Attention is the highest and purest form of generosity.
When you have to decide to do something, always do what will cost you the most.
I’ve also just remembered that I posted a quote from Rebecca Solnit about paying attention, and then realised that this blog is filled with posts that mention ideas to do with attention:
I mentioned a couple of weeks ago that Katrina McPherson, Owa Barua, Natalia Barua and I had re-edited We Record Ourselves to screen on the MediaWall at Bath Spa University. Here’s an image by Katrina that gives a pretty good sense of the scale.
The value of practice gets discussed a lot in dance. I remember US choreographer Deborah Hay saying something like, “99% of my choreography is the practice of my choreography”, and practice in the context of practice-as-research is clearly fundamental.
But I wonder about this word value. And I wondered what it might be to practise it. To have a practice of value(s).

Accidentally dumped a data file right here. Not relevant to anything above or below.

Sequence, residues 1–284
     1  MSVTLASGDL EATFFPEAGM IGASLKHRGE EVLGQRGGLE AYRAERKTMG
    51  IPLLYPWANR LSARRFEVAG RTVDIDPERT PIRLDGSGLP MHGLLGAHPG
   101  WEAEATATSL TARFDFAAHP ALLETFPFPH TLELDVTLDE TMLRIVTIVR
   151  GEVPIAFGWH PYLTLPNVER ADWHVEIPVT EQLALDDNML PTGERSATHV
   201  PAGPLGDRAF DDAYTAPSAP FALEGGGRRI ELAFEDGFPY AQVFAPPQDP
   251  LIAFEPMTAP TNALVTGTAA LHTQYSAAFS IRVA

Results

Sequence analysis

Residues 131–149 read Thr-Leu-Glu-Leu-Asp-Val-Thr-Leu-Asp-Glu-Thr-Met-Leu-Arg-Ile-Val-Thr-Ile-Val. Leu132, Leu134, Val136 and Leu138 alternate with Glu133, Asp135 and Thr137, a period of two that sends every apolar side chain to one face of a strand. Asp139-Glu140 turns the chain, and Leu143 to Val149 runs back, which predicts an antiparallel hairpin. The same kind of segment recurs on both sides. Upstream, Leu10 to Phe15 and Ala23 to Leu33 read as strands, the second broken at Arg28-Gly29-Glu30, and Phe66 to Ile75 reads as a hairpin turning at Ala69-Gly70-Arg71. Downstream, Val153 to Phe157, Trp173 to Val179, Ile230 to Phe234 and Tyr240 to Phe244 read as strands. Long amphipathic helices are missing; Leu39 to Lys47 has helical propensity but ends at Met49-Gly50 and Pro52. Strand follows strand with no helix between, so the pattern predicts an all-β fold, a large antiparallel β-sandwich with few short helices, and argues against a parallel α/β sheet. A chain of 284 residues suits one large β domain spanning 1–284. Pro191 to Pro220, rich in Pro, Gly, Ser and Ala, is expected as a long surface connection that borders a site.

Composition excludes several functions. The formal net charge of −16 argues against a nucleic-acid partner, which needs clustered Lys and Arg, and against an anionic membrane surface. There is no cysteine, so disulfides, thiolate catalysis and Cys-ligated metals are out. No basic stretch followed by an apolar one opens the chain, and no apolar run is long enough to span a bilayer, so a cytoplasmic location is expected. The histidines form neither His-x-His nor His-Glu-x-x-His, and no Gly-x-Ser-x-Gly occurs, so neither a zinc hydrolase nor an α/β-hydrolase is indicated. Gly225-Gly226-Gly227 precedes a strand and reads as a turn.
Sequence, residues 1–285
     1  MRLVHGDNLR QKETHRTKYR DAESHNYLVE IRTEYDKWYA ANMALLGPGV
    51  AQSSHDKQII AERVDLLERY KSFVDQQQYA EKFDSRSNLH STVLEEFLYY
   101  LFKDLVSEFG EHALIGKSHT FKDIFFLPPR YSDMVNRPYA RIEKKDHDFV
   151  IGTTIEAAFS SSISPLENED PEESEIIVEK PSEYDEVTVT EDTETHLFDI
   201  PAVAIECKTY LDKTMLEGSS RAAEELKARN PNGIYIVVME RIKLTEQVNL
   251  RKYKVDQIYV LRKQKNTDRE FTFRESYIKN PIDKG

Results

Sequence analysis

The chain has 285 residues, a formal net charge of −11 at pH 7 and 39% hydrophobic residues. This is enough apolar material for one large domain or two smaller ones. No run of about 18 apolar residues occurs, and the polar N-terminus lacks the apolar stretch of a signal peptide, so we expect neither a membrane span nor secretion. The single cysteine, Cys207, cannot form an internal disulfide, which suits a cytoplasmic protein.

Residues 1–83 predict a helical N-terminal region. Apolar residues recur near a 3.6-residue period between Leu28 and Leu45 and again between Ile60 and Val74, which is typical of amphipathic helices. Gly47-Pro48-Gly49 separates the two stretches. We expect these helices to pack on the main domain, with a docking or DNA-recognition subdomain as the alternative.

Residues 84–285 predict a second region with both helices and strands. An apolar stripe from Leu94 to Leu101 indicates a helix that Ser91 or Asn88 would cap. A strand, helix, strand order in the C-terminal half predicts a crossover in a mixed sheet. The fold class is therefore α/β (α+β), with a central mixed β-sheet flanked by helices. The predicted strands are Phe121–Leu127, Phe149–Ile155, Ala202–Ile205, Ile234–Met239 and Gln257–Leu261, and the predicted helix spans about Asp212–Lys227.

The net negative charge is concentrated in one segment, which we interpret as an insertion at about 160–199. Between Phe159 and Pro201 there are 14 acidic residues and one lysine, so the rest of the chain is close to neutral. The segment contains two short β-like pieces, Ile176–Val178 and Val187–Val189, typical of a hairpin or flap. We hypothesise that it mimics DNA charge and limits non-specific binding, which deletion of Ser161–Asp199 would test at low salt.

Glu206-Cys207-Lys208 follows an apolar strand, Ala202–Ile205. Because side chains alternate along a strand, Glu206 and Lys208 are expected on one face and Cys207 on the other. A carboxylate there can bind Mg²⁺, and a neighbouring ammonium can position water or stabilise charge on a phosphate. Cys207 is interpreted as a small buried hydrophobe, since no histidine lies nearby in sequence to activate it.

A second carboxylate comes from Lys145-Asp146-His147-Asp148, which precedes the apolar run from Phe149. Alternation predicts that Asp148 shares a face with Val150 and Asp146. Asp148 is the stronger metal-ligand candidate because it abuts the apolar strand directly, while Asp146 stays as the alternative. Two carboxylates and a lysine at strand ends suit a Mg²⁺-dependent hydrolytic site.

Last year screendance artist Katrina McPherson asked Owa Barua, Natalia Barua and me to be involved in a project that explored ideas to do with archives, memory, dance and film. We ended up making We Record Ourselves.
This is a new version of We Record Ourselves specially edited for the Bath Spa MediaWall. The edit sustains the key themes of the original versions (remembering, forgetting, archives and dance) while exploring the possibilities of the scale of the MediaWall and the transient nature of its audiences.
The MediaWall edit is below but watching it here won’t be quite the same as the full scale version (more than 7m high)!